Doesn’t time fly? It was year ago now that I was on a cruise holiday. Back in February I decided that I would provide a blog on each of the places that we visited, to share my photographs more than anything, but it is almost 6 months since my last blog – Cruise Holiday Part 5: Kotor, Montenegro. However, I am determined to finish the project and, since we didn’t have an exotic holiday this year, what better way to cast off the winter blues than to reminisce on holidays past.
And so we finally come to Naples, which we visited way back on 31 October 2011, so my memory is getting a bit hazy on the details. I have previously commented on the gamble of booking trips from the ship – they are not always worth the cost. In the case of Pompeii, however, it was well worth it and this trip was possibly the best of the holiday.
We berthed in Naples and grabbed breakfast ready for an 0800 start. The coach trip to Pompeii took around 45 minutes and we were lucky to have a very informative and entertaining guide. We were provided with headsets for the tour, but unlike the tour from Kotor, the guide was very particular to make sure they worked properly, so we could actually hear what he was saying.
The city of Pompeii was a Roman town which was destroyed and buried under ash and pumice in the eruption of Mount Vesuvius in AD 79. It was lost for nearly 1700 years before its rediscovery in 1748. Since then it has been excavated to provided an extraordinarily detailed insight into the life of a city and is now an UNESCO World Heritage Site.
Sadly I can now remember little of the detailed information we were given on the tour, but looking through the pictures brings back the wonderful feel of the place. The site was much more extensive than I had imagined and we spent a very interesting couple of hours wandering around the ruined city. Throughout the sun shone and it was very hot – the weather couldn’t have been better.
Much of the city is narrow streets flanked by ruined but often largely intact buildings. There was an impressive amphitheatre and numerous Roman columns to see, as well as surprisingly well preserved murals.
Pompeii was clearly a pretty broad-minded kind of place and much hedonistic’ art was discovered there. Some of this hedonism can still be discerned as phallic symbols can be seen on the outside of buildings to indicate the kind of activities which may have taken place within. Phalluses can also be seen engraved in the road, pointing the direction towards the brothels should you be a stranger in town.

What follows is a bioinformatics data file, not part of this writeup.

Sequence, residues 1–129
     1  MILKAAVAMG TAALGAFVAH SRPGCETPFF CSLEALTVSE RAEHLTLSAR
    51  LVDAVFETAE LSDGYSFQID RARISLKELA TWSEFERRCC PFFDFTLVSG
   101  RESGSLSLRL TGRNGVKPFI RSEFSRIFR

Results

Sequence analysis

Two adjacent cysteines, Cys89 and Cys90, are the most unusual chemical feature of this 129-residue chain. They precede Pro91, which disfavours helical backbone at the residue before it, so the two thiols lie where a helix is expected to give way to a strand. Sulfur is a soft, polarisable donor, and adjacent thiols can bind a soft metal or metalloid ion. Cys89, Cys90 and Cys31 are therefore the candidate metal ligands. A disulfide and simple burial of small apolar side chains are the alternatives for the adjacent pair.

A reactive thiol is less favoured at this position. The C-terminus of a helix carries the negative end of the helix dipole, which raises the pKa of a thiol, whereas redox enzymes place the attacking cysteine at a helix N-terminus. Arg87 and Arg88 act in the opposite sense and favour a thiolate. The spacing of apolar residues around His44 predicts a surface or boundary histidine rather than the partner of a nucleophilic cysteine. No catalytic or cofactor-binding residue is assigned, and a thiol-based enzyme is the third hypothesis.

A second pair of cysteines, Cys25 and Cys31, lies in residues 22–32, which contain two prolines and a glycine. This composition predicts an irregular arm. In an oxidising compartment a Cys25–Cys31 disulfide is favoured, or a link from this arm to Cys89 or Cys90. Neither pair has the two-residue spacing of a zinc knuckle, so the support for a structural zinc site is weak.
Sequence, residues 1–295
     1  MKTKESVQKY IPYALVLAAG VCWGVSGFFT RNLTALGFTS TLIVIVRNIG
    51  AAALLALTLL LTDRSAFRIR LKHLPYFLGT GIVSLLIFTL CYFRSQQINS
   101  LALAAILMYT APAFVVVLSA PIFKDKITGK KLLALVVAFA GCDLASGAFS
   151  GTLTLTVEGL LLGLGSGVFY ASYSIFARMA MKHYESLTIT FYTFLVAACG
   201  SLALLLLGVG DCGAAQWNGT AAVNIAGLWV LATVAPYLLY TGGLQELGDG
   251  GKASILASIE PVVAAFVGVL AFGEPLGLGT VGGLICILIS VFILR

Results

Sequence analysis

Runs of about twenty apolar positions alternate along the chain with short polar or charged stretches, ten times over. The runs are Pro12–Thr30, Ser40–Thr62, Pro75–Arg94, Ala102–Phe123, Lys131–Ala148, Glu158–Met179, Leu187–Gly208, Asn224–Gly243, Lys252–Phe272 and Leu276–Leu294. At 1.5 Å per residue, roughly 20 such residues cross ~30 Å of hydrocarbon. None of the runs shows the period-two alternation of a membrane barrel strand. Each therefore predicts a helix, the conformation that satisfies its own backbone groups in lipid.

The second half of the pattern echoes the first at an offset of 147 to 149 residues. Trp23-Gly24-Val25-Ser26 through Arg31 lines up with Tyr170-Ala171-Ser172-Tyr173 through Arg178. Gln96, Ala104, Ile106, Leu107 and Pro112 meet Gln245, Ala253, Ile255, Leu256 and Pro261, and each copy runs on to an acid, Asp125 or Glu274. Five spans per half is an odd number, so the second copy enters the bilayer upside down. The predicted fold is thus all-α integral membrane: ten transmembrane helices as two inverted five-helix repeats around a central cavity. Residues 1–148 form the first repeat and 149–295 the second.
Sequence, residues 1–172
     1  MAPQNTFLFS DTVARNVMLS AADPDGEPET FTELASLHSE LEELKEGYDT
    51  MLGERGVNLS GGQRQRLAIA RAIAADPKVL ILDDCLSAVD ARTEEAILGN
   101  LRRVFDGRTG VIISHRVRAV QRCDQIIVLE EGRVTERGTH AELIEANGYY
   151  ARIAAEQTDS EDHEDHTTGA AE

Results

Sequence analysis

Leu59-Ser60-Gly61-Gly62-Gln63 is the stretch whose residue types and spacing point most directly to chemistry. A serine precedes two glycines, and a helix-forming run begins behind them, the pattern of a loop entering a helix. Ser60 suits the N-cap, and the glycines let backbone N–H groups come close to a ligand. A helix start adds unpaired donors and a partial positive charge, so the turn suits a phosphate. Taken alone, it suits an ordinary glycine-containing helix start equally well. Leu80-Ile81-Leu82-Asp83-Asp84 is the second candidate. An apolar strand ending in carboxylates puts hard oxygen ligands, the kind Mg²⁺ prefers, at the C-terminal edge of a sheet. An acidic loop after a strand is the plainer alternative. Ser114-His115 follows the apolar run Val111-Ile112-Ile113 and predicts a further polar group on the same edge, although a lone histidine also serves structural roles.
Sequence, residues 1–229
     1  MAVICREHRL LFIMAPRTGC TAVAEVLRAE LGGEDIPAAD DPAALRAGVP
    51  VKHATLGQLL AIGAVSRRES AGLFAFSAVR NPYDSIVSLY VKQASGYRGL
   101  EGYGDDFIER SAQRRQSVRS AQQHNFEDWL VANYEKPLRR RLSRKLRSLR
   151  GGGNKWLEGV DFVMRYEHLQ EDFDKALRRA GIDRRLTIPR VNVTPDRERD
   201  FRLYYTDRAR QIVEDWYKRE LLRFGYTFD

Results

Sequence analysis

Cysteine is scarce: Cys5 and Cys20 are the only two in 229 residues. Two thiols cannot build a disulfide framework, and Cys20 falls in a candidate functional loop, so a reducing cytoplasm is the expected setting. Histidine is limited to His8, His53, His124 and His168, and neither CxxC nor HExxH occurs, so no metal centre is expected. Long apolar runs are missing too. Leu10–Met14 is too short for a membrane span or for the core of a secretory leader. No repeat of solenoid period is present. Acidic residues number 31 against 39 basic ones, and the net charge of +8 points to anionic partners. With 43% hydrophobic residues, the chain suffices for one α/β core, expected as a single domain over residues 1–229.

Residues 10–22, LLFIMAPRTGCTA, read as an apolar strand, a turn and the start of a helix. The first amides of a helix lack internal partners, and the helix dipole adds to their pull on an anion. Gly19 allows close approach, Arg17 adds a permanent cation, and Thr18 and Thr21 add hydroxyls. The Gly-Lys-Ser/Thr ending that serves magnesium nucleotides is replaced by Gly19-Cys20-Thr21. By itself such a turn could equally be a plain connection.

More sobering were the all-too-detailed casts of the poor people caught up in the eruption that can be seen here and there around the site. Amazingly you can still see their teeth as their faces contort in the agony of their deaths. One especially harrowing figure is that of a pregnant woman squatting on the ground apparently praying to no avail.
The city was quite busy and, as we wandered off to take pictures it was very easy to get separated from the tour. It is usually me that goes missing in such events as I get engrossed in my photography, but luckily I managed to keep up. There was drama however as a couple of people did go missing, but luckily we caught up with them as we headed back to the coach.
It was still only lunchtime when we arrived back at the ship, so we used the courtesy shuttle bus to take us into Naples. Our initial impression of the city was that it was chaotic, crowded and not a particularly pleasant place. We fought our way through the packed streets and unpredictable traffic and found somewhere for a lunchtime snack. Here I had the dubious pleasure of watching Sharon and Andy share what looked like a delicious, authentic Italian pizza whilst my dairy intolerance prevented me from actually joining in their enjoyment. Sob!
Either by luck or good planning, our lunch stop turned out to be very close to the Umberto I Gallery, an incredibly impressive and ornate shopping precinct. We weren’t too interested in the shopping, but were sufficiently awed by the architecture. From here we found our way to a very pleasant open plaza and the Town Hall building – an oasis of calm amid the chaos.
Heading back toward the ship we came upon Castel Nuovo, overlooking one of the closer cruise terminals (not ours – that was still a bus ride away!). This was also a very pleasant place for a wander around, especially one part of the building which had a thick glass floor allowing you to look down onto the ruins below – very disconcerting to walk on!
And so we headed back to the ship, where Halloween preparations were well underway for the evenings entertainment.